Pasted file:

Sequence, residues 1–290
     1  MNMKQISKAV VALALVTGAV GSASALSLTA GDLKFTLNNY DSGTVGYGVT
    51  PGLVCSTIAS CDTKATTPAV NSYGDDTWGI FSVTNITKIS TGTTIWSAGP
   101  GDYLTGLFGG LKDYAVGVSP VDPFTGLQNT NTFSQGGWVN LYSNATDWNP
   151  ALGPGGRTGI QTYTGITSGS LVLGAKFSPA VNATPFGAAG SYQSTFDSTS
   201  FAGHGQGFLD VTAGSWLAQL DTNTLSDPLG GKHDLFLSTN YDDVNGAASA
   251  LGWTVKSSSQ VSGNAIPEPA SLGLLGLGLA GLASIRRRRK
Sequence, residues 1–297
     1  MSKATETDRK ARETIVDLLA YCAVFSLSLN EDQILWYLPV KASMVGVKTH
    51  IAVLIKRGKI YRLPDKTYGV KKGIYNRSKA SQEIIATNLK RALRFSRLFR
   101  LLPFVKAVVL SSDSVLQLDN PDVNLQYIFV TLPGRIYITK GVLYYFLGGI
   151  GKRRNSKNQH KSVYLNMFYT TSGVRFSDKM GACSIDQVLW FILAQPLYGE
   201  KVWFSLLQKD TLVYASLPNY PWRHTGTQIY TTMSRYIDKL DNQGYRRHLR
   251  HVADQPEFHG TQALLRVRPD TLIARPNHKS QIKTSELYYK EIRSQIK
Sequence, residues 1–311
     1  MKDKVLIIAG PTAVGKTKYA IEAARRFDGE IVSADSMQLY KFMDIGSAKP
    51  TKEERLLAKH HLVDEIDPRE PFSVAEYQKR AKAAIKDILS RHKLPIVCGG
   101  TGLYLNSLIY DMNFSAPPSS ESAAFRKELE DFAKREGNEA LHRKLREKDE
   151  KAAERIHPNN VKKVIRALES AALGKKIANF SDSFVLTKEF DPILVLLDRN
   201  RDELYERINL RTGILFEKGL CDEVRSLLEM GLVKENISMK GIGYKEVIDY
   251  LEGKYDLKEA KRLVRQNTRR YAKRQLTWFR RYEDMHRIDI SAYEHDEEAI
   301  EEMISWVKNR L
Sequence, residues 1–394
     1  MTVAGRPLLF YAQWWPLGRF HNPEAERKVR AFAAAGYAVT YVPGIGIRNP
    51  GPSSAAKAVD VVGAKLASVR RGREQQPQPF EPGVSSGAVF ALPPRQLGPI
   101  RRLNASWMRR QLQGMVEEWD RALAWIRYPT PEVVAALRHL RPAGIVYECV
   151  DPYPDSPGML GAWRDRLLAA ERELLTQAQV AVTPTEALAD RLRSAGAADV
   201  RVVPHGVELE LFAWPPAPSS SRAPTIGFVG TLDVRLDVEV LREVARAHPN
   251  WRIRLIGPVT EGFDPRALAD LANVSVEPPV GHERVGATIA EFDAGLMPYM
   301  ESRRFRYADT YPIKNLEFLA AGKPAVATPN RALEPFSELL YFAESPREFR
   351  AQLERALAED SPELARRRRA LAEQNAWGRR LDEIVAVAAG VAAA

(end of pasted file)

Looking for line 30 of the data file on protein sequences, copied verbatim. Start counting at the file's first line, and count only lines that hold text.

   301  ESRRFRYADT YPIKNLEFLA AGKPAVATPN RALEPFSELL YFAESPREFR